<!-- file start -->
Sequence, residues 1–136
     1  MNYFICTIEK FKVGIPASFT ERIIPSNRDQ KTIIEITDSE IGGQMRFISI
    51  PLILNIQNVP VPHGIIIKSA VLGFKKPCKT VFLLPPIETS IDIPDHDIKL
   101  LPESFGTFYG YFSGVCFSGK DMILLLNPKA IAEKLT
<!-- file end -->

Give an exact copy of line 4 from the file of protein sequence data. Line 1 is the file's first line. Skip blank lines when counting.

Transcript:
   101  LPESFGTFYG YFSGVCFSGK DMILLLNPKA IAEKLT